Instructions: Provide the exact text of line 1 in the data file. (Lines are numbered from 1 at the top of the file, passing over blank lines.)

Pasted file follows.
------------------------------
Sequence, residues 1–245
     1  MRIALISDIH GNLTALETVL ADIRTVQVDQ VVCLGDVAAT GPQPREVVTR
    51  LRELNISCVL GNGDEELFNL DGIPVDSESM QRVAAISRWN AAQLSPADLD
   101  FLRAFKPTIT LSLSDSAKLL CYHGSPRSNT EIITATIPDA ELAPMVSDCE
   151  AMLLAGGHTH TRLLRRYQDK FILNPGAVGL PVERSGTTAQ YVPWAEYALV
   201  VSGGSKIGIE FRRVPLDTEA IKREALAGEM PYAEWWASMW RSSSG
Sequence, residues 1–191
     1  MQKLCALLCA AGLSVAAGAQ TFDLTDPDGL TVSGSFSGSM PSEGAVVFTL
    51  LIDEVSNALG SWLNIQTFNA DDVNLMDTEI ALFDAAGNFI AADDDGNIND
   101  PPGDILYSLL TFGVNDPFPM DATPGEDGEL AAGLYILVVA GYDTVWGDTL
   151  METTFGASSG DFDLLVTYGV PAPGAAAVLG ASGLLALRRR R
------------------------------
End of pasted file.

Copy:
Sequence, residues 1–245